Fri | Jan 19, 2018


Published:Friday | March 3, 2017 | 12:00 AM
Film commissioner Renee Robinson
Yasus Afari
Stephen Hill (right), CEO of CINTV, speaks with Kirk Buchanan, deputy CEO at The Creative Production and Training Centre Limited (CPTC), and Chantal Hylton-Tonnes, CEO at CPTC, shortly after the signing of a two-year distribution deal with CINTV, New York, for CPTC's flagship programme, ‘Hill 'n’ Gully Ride’.
Lutan Fyah
Kabaka Pyramid


15 participants in film script workshop


Following a rigorous application process, 15 local film-makers were selected to participate in the British Council's script development workshop for experienced film professionals, held in partnership with JAMPRO and the Jamaica Film and TV Association (JAFTA) from March 1-5, in Kingston.

The five-day workshop is designed to introduce the concept and practice of good script development by focusing on the role of the story editor and how they work with screenwriters and producers. International script development consultant Ludo Smolski, who is also a tutor for the National Film and Television School's postgraduate diploma in script development, is facilitating the sessions. According to the British Council, "The programme will enable participants to gain the skills necessary to enhance their own film-making and that of their peer community and wider industry."

Jamaica's Film commissioner, Renee Robinson, said "JAMPRO, through the Film Commission, is pleased to be partnering with the British Council and JAFTA on the delivery of this workshop. We are always exploring partnerships that will further the development of the industry and this programme is one such. We look forward to the positive outcomes and look anticipate our continued partnership".

JAFTA's president, Gabrielle Blackwood, also noted that JAFTA is proud to share in this partnership with the British Council. "As the organisation tasked with representing and developing the film industry in Jamaica, we look forward to the mentorship and training that will come from this workshop, and anticipate the ultimate production of the feature length scripts", she explained.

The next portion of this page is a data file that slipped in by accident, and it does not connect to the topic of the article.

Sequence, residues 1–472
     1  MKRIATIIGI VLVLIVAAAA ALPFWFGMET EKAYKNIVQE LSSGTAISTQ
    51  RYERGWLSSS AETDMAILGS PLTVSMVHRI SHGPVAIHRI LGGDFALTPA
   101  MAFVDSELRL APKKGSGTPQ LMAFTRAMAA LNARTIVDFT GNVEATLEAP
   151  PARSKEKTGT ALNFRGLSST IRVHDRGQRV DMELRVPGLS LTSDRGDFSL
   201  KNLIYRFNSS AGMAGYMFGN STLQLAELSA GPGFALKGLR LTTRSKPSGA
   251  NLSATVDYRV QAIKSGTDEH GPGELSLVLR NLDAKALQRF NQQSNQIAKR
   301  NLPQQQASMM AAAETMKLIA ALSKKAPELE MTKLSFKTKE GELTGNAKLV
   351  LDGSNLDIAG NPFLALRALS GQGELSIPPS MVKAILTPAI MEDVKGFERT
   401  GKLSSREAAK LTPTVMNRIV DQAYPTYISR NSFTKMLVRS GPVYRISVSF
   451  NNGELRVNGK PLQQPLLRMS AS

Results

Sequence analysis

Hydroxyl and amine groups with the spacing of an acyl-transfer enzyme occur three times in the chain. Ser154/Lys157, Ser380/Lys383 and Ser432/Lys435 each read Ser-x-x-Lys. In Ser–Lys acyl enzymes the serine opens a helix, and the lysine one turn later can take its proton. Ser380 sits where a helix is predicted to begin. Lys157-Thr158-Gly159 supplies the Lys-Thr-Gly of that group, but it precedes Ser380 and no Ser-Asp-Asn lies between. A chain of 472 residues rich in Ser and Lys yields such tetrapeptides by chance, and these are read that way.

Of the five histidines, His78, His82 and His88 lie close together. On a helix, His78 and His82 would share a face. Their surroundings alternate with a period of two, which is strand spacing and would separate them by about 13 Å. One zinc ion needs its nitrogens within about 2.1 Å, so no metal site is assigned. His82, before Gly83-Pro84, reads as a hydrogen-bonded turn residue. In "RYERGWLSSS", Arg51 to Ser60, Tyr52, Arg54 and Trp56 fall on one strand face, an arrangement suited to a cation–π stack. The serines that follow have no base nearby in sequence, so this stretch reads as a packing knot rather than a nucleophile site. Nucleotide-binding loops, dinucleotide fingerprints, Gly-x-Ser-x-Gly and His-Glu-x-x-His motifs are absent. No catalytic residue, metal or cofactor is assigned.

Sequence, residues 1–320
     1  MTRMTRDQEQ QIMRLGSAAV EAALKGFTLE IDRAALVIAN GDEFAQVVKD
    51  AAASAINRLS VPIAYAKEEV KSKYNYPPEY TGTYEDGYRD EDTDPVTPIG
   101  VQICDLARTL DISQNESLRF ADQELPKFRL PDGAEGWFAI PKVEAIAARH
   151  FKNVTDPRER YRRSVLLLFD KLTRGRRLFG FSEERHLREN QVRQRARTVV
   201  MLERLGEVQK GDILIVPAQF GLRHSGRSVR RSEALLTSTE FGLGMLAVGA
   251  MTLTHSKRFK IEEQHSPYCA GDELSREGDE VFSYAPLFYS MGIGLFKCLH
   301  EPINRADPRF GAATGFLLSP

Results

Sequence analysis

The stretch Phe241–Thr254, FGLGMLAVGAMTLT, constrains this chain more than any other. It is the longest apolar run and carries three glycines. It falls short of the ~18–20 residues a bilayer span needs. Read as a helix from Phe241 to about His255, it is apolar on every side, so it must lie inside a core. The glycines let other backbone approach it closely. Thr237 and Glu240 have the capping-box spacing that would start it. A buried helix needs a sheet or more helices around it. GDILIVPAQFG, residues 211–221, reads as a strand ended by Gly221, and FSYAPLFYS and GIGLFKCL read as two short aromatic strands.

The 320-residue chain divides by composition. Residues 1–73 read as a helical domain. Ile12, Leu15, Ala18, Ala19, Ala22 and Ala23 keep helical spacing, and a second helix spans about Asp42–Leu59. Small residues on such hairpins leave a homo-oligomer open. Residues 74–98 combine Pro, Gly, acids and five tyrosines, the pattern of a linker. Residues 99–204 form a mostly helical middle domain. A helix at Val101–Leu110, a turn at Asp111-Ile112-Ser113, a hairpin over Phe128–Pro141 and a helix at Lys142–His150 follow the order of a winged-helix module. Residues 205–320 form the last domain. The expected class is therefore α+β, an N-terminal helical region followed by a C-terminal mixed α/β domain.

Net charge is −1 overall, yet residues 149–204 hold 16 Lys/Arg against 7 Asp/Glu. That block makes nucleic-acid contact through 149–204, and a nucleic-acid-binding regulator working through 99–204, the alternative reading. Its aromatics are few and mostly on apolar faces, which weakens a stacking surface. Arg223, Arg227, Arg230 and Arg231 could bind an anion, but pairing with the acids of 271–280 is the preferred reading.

Affirming their support of the development of arts in the region, the British Council's Caribbean director and country director for Jamaica, Olayinka Jacobs-Bonnick, stated that the organisation has more projects in the pipeline to support the development of the arts and the creative economy.


Poetry in Motion marks 14 years


The 14th annual staging attracted a full house at the Manchester Golf Club, Mandeville, on Sunday, February 26.

As become customary, things got off to a punctual start at 6 p.m. with a very special interlude of soul-stirring reggae music which was consistent with Black History Month.

Former President of NCU Dr Herbert Thompson read from his books, told stories with a sophisticated sense of humour and wit, spoke to social issues and motivated the audience to ensure that the art is kept alive.

Osheen Wright provided poetry of pain and drama, while Delacia's poetry addressed romantic uncertainties, emotional betrayal and Jamaica's social ills, including violence against women and children. Shamoya Samuels presented poetry of love, passion and sensuality. They were dubbed ' Three the Hard Way'.

John Akpata introduced another international guest, Ruth Nadolny who traversed the intriguing space between comedy and poetry. Annmarie Wilmot tantalised, seduced and provoked with her classy, poetic sensuality, and John Akpata navigated to the intermission.

Vietnamese musician, singer and poet KingKim surprised and excited her audience. Yasus Afari did militant poetry, humour, comedy, storytelling and dub philosophy, addressing social, political and spiritual issues. Akpata did an inspirational set with wit, humour, intellect and flair of hip-hop poetry. Steppa followed with an offstage poem, then entered to an animated reception. Steppa was raw, militant yet humble as he addressed a wide range of current topics and issues, encouraging young people in the audience to "talk up youth".